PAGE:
BeKreativ: A Blast Of Colour With Fuchsia MacAree

Posted July 31, 2016 in Design

DDF apr-may-24 – Desktop

Fuchsia MacAree is one of the country’s most bankable illustrators. Her bold and bright designs have adorned everything from billboards to books and it’s this recognisable style that has led her to two of her biggest ever commissions in 2016. Soon MacAree will start seeing the fruits of her largest scale project yet: an almighty mural on the side of Google’s data centre in West Dublin. We caught up with her just as she had begun her other big project for the year, the Designer in Residency programme for Facebook where she is bringing her own brand of wit and whimsy to the social media giant’s office space.

Can you tell us about the process of pitching for the Google data centre project and how it came about?

That started in Spring 2015, I got an email from a woman in Amsterdam who does work for Google and was then introduced to the team in New York who work for the “Creative Lab” – which is essentially just a place for experimenting and creating fun stuff. I had a Skype chat with them where I wasn’t really sure whether or not I was being interviewed so I was really nervous! After that I gave them a proposal, which they kind of told me to just go mad with and try and do something that you could see from space, which made me go a bit like ‘OH JESUS’ but then I sent them on the proposal and it turned out that I was the only person they had asked to submit something. Then over the next few months I worked on it and had a few rounds of feedback and now everything has been approved but I’m still not allowed talk about…what…it is!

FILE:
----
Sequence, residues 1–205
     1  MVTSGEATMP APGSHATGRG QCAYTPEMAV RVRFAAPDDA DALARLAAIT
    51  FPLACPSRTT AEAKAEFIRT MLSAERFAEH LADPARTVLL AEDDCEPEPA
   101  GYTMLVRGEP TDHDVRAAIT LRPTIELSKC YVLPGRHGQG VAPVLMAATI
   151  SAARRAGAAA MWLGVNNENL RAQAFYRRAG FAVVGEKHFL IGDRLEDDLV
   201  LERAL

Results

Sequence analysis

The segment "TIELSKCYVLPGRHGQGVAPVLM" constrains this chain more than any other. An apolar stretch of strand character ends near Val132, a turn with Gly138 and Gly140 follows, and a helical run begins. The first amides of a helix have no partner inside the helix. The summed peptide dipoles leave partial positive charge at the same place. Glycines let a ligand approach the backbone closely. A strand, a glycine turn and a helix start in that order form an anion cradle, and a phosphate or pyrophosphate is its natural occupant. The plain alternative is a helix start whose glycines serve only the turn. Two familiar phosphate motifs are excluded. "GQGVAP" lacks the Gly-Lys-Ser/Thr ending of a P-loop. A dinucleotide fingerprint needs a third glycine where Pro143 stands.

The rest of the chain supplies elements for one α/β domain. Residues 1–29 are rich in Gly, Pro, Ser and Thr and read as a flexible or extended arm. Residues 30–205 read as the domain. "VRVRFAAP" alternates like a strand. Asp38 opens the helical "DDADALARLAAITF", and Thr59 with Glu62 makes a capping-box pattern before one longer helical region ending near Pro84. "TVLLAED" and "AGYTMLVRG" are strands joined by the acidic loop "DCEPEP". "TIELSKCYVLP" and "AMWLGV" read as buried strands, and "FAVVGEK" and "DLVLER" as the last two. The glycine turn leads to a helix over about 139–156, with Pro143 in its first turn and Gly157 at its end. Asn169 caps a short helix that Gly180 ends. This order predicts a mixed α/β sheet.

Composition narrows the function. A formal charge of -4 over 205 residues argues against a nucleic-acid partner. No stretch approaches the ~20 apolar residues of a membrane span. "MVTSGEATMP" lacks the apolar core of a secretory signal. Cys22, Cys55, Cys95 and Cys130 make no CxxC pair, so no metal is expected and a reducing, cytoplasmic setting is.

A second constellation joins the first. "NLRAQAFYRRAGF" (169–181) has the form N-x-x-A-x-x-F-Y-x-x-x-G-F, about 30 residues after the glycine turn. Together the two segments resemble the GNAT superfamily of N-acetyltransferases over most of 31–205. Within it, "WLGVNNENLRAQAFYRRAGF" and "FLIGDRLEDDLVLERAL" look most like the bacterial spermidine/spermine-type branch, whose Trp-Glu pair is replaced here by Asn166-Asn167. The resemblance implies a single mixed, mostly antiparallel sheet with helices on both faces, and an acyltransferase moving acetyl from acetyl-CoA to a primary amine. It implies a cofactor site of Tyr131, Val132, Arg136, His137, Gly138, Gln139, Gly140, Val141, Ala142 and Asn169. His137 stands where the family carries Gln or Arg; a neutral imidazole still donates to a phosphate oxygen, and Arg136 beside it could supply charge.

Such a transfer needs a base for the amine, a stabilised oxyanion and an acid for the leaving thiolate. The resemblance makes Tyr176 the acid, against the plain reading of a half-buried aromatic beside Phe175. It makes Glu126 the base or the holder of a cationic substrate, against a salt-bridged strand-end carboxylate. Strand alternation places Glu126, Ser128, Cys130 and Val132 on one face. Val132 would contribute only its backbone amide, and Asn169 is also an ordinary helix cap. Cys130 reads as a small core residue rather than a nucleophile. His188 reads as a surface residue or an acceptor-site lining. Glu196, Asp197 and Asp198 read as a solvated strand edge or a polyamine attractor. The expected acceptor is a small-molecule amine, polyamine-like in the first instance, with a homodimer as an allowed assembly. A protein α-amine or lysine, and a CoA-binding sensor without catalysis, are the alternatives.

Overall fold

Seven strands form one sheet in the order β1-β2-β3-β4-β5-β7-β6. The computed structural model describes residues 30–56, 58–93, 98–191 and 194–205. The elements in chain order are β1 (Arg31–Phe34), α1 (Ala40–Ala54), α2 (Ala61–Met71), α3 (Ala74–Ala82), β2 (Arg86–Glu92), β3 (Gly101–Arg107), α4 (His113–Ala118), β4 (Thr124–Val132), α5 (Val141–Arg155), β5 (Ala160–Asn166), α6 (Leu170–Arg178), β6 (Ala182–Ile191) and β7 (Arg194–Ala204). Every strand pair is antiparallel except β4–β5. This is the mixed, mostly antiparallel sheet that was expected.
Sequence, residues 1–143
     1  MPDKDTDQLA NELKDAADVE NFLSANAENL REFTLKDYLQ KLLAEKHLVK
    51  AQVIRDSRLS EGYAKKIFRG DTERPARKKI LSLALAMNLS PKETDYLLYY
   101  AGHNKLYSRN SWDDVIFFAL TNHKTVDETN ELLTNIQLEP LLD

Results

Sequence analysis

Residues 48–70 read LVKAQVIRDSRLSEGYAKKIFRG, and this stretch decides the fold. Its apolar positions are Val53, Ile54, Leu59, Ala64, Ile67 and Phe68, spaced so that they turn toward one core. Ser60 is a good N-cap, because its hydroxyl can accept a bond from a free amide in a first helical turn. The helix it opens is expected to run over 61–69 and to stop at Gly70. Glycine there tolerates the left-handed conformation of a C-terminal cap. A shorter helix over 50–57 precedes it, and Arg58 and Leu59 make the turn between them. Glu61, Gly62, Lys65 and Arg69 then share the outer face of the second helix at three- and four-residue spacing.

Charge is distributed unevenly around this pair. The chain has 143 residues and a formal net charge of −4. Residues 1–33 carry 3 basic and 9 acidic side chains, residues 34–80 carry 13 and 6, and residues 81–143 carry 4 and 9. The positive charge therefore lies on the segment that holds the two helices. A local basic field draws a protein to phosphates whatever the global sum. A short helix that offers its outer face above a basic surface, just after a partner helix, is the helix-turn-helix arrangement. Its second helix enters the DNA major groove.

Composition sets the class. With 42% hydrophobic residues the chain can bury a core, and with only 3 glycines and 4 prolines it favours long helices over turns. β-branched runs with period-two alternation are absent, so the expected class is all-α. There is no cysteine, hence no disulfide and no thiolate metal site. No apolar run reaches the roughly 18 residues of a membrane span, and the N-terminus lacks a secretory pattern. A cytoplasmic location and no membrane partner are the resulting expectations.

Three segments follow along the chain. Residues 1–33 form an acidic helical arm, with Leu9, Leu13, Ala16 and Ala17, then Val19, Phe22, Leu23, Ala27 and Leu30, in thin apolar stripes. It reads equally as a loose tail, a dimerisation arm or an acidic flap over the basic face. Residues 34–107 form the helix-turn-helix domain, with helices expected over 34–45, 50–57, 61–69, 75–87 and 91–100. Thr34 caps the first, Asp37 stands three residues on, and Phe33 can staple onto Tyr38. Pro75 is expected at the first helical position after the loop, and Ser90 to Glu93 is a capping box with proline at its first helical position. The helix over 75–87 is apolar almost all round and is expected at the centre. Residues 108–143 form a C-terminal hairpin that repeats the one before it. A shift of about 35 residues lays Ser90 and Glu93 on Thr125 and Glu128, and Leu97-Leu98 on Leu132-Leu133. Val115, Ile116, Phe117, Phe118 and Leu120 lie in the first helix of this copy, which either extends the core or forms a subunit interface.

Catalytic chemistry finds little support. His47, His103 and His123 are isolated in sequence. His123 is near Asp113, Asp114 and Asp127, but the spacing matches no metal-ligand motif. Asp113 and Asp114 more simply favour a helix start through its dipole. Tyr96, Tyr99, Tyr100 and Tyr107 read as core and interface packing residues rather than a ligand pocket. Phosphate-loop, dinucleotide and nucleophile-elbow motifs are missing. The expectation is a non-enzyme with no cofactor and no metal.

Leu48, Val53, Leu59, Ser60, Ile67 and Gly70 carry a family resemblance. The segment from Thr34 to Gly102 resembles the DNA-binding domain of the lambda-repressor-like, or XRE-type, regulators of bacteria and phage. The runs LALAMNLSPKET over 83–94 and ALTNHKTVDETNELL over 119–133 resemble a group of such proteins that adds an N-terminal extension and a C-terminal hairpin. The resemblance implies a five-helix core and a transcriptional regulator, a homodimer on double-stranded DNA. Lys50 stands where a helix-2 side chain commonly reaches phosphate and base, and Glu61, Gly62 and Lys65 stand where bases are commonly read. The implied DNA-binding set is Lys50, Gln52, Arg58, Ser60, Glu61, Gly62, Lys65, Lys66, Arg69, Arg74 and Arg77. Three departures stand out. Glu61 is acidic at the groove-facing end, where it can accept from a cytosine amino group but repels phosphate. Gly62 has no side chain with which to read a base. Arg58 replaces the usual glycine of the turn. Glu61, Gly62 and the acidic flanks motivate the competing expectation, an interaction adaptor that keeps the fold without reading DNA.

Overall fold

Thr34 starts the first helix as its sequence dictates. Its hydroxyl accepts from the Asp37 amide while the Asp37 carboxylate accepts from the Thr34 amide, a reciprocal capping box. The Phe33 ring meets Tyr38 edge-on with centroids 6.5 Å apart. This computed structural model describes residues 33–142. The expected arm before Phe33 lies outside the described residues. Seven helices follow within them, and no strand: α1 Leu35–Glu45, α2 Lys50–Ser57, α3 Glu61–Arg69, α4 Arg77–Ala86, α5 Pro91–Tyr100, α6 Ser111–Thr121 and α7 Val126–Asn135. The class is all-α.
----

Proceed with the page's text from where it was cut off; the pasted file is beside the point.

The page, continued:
Last summer a team came over to do some filming for this documentary series they’re doing about it. The reason they’re making the documentary about the data centre is to let people know that it’s there but also to tell them a bit about what a data centre is and about all the security that goes into keeping people’s data safe. They want to dispel the scariness of it I suppose, and it’s so impressive how it’s done and it’s amazing to be in there – the amount of information that goes through it is absolutely bonkers so it makes fun to explain.

Fuchsia 5

How was it getting feedback from a client like Google?

All the projects I do, people generally come to me because they already like my work so I’ve never felt like I’ve had to change things to a direction that I’m not happy with. With Google I presented maybe five or six rough sketches to them and then they said – OK I think we’re going to go in that direction and I would do a few a few slightly more detailed sketches in the next round and they would then pick their favourites from that. So they obviously had a lot of input and were directing it but they didn’t put any ideas in my head or prescribe to me what I had to do. It was still 100% my stuff and ideas that came out of it.

It was mad to work in that way because I’m way more used to working on smaller projects or projects where the brief isn’t so open. Also my studio on the quays looks over the Liffey and I’d be looking at the other side of the quays and measuring on Google Maps how big the space that I would be working on would be in comparison and it was terrifying. I was coming up with some stupid ideas that I thought might be funny I just had to look over and realise ‘oh no, I mean that is just going to be gigantic, I can’t do that…I have to be sure about this.’



Tell us a little bit about getting involved with Facebook’s Designer in Residence programme, how did that come about?